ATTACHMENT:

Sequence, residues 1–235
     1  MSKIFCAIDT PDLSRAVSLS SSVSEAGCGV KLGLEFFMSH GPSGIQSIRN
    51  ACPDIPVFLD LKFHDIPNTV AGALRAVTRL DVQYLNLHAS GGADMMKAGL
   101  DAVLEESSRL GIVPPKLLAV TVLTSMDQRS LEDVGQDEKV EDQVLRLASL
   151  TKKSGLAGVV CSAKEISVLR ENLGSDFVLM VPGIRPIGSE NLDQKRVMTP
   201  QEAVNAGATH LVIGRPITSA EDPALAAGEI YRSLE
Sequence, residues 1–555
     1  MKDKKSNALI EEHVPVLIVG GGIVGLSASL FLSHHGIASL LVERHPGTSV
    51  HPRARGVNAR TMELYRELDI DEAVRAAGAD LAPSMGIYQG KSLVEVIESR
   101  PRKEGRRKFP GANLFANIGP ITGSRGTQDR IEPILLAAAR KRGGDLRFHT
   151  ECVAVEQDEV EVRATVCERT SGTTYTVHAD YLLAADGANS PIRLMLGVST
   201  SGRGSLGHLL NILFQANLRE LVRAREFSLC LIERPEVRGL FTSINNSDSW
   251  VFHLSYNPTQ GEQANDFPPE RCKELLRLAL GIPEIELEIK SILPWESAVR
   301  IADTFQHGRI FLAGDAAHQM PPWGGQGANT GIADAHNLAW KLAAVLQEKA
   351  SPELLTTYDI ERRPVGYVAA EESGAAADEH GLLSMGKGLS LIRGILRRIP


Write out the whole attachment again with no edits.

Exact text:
Sequence, residues 1–235
     1  MSKIFCAIDT PDLSRAVSLS SSVSEAGCGV KLGLEFFMSH GPSGIQSIRN
    51  ACPDIPVFLD LKFHDIPNTV AGALRAVTRL DVQYLNLHAS GGADMMKAGL
   101  DAVLEESSRL GIVPPKLLAV TVLTSMDQRS LEDVGQDEKV EDQVLRLASL
   151  TKKSGLAGVV CSAKEISVLR ENLGSDFVLM VPGIRPIGSE NLDQKRVMTP
   201  QEAVNAGATH LVIGRPITSA EDPALAAGEI YRSLE
Sequence, residues 1–555
     1  MKDKKSNALI EEHVPVLIVG GGIVGLSASL FLSHHGIASL LVERHPGTSV
    51  HPRARGVNAR TMELYRELDI DEAVRAAGAD LAPSMGIYQG KSLVEVIESR
   101  PRKEGRRKFP GANLFANIGP ITGSRGTQDR IEPILLAAAR KRGGDLRFHT
   151  ECVAVEQDEV EVRATVCERT SGTTYTVHAD YLLAADGANS PIRLMLGVST
   201  SGRGSLGHLL NILFQANLRE LVRAREFSLC LIERPEVRGL FTSINNSDSW
   251  VFHLSYNPTQ GEQANDFPPE RCKELLRLAL GIPEIELEIK SILPWESAVR
   301  IADTFQHGRI FLAGDAAHQM PPWGGQGANT GIADAHNLAW KLAAVLQEKA
   351  SPELLTTYDI ERRPVGYVAA EESGAAADEH GLLSMGKGLS LIRGILRRIP